Thursday, August 29, 2013

"Seeing like an Artist" with Charles Woodbury in Ogunquit, ME

As faithful readers know, I've been posting articles here in an arbitrary way about early 20th century landscape painter Charles Herbert Woodbury. I first became interested in Woodbury when I discovered he'd founded a once-influential plein air painting school, and indeed an entire artists' "colony," in Ogunquit, Maine, which is one town over from where I used to live in Cape Neddick, ME.

I've finally collected my thoughts on old Charles in a single place, in an article titled Painting in Verbs: Rediscovering the Art and Teaching of Charles H. Woodbury published by the Mass Humanities Council's blog, The Public Humanist.

Woodbury painting in Kittery, ME.
I used to live in Kittery too!
Having basically lived obliviously right where Woodbury painted and had his school, I was surprised by how much history I didn't know - close associations with Edward Hopper, national renown, 4,000 painting students over 40 years, even three books now out of print but full of spark and insight. 

It was all so interesting to me, largely because today there are relatively few traces in Ogunquit, where it all happened. 

As I delved into his forgotten books and unpublished notebooks, Woodbury began to emerge as an unsung hero of contemporary landscape practice who early on championed some of the basic tenets of plein air painting as it's known and loved today: Woodbury's entire philosophy of painting and teaching revolves around the now-familiar notion of "seeing like an artist." 

In his gem-studded Painting and the Personal Equation (free ebook here), Woodbury presents a little manual on active observation and perception and a working formula for capturing sensations with fresh, non-fussy painting (techniques that my own students have explored in my workshops). 

The book also provides a revealing walk-through of the exercises and assignments he used in his "Art of Seeing" school. I will be bringing some of these techniques and exercises in "seeing big" and "painting in verbs" to a week-long workshop I'm going to co-teach in Oqunquit, within view of Woodbury's still-extant 1898 studio, along with Todd Bonita during the week of September 23. 

Ocean Waves by Woodbury
I'm going to be giving a free talk/lecture on Woodbury and the Ogunquit school at the York, ME Art Association on Saturday, September 7 from 7-8 p.m. and again on Monday, September 9 from 8-9 p.m. at the Manchester Art Association in Bedford, NH. It's an overview of Woodbury's life and work with an emphasis on how the "art of seeing" philosophy informed his work and how it can inspire today. You can download the slideshow as a PDF here.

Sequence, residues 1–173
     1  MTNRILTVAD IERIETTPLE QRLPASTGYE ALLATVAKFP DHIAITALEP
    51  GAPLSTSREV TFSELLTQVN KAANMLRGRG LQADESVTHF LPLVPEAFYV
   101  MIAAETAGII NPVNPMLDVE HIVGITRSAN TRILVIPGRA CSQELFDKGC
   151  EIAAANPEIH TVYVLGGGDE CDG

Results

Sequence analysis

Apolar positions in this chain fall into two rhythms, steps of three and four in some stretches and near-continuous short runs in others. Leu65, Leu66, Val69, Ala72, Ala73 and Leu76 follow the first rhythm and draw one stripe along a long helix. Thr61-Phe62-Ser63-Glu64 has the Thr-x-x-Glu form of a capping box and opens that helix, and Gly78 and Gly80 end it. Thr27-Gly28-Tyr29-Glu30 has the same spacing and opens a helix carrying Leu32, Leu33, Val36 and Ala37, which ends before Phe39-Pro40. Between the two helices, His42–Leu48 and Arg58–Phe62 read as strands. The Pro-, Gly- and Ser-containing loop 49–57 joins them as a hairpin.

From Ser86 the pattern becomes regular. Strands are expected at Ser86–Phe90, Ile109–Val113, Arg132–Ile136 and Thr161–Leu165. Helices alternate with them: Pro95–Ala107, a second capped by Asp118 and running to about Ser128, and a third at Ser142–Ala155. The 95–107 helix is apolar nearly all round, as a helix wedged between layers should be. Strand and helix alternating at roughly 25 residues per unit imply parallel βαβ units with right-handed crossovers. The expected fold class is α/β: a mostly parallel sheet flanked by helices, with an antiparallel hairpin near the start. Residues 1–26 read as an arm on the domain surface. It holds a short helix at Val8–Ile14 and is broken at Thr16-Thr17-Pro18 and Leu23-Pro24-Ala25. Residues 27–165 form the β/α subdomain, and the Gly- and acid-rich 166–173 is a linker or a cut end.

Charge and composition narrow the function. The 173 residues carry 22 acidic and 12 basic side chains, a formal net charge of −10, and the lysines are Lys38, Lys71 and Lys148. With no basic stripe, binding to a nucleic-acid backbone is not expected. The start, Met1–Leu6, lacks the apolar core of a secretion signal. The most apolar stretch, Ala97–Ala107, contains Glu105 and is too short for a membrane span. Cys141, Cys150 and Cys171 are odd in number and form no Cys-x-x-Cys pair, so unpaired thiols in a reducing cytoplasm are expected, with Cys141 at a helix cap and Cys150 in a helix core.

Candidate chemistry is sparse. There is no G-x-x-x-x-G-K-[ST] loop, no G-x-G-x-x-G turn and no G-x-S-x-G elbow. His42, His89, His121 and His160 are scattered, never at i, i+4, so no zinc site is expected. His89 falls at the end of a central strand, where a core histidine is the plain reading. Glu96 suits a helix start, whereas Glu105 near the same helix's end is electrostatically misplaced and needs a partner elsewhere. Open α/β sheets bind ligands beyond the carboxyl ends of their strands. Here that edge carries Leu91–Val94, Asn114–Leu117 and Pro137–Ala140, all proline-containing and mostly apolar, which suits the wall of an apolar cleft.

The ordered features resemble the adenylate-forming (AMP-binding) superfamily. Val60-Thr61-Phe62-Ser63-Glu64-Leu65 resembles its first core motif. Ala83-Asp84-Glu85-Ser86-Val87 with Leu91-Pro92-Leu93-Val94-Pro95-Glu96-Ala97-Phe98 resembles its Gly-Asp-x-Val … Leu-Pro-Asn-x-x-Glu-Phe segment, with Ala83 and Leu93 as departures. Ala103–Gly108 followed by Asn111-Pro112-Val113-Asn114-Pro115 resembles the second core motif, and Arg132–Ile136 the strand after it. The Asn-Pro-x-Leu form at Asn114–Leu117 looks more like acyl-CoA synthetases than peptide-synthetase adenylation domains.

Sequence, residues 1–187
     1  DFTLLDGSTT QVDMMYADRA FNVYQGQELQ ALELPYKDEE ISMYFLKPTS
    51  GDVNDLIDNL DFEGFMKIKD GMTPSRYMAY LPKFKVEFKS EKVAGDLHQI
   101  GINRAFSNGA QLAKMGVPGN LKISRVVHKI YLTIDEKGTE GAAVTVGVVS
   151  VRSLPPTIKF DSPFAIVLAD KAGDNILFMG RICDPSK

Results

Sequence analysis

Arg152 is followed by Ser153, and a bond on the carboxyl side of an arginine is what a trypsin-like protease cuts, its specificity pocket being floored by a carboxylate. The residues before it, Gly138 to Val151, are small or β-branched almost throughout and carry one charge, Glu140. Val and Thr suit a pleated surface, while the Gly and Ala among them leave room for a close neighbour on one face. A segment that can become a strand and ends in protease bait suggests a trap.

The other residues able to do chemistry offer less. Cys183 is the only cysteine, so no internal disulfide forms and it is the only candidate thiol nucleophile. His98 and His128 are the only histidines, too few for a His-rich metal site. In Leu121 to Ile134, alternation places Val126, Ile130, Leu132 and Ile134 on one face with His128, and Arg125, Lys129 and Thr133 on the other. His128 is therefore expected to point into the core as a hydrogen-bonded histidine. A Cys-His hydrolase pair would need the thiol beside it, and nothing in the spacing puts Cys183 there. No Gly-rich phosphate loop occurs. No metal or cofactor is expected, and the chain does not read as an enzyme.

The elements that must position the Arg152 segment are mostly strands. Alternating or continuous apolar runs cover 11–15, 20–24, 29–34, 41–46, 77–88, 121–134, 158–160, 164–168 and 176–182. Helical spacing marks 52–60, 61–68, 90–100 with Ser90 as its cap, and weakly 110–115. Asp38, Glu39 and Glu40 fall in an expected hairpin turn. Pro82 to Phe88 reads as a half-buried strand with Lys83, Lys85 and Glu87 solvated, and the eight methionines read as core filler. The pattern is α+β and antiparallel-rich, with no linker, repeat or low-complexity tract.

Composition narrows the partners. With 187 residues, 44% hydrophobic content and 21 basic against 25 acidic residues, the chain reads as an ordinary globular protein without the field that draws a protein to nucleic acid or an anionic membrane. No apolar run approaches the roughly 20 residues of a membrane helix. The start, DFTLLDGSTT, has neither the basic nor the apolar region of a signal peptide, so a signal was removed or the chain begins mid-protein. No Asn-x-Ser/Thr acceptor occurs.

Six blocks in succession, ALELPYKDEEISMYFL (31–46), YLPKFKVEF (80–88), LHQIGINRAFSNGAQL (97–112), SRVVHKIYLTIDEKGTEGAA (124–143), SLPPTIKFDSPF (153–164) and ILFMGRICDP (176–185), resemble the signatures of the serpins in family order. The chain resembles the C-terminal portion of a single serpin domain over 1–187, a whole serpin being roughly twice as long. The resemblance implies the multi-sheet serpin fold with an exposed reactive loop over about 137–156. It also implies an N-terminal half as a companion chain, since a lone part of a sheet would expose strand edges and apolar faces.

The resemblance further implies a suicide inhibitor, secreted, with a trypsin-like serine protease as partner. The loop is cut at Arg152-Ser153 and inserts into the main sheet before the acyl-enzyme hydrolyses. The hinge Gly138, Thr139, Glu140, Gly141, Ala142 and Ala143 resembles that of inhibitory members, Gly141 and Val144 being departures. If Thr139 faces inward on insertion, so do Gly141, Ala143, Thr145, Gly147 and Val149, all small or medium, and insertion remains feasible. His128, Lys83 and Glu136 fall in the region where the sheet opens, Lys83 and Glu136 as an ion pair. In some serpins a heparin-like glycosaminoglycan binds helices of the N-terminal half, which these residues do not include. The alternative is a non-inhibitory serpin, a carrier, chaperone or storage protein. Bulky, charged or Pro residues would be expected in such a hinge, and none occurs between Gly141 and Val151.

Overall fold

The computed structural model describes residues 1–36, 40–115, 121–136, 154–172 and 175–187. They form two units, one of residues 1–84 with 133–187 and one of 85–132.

All of this isn't intended to teach people to paint like Woodbury, of course. But the spirit of Woodbury's views provides jumping-off places for precisely, I think, what so many artists are looking for: inspiration for fresh, non-formulaic seeing and painting. 

It also feels like paying respect to one's predecessors. And really, it's just great to be painting outside in a place as beautiful as Ogunquit and to be "doing art history" in a way that treats it as a living thing.

Saturday, August 17, 2013

An Exercise in Expressiveness

I recently had a chance to try out some new exercises with two different groups of painters in classes on Cape Cod and at Star Island. The site of a practically untouched 1870s hotel, Star Island is part of the Isles of Shoals, a group of rocky yet beautiful and timeless islands lying 10 miles off the New Hampshire coast.

A painting of mine of the cliff known as
"Miss Underhill's Chair" on Star Island
In one exercise, the challenge was to paint a wholly expressive, abstract interpretation of the environment. The exercise started with a meditative walk in which we tried to be wholly present and to soak up impressions and "notice what we noticed" - a flash of color, the sweep of a cloud, the jut of rock or a root.

Next we returned to the studio and purposely did not paint anything that looked like the location. Armed only with our fresh impressions and memories, we specifically painted not what we saw but what we felt - not our ideas about what the physical place looked like but non-objective, expressive corollaries of the sensations we received from being there.

The point was not to make a masterpiece but to tap into something genuine. Even if the painting "failed" as traditional Western art, it would succeed in its truth and each artist's painting would truly be his or her own.

As it turned out, many of these paintings were not only expressive but also extraordinarily "good" paintings - exciting and surprising works conveying palpable moods and unique perspectives.

Finding and expressing one's heart's truth in painting is a mysterious, blindfolded affair; so much of it comes from parts of us that are inaccessible to rational thought. But we can control what we don't do - we can refuse the rational mind's insistence on what makes a "good composition," we can get around the rule of thirds, the rules of perspective, color theory and proportion.

I think it's probably a good idea sometimes to slip out the back door of the expected and the received and see what happens.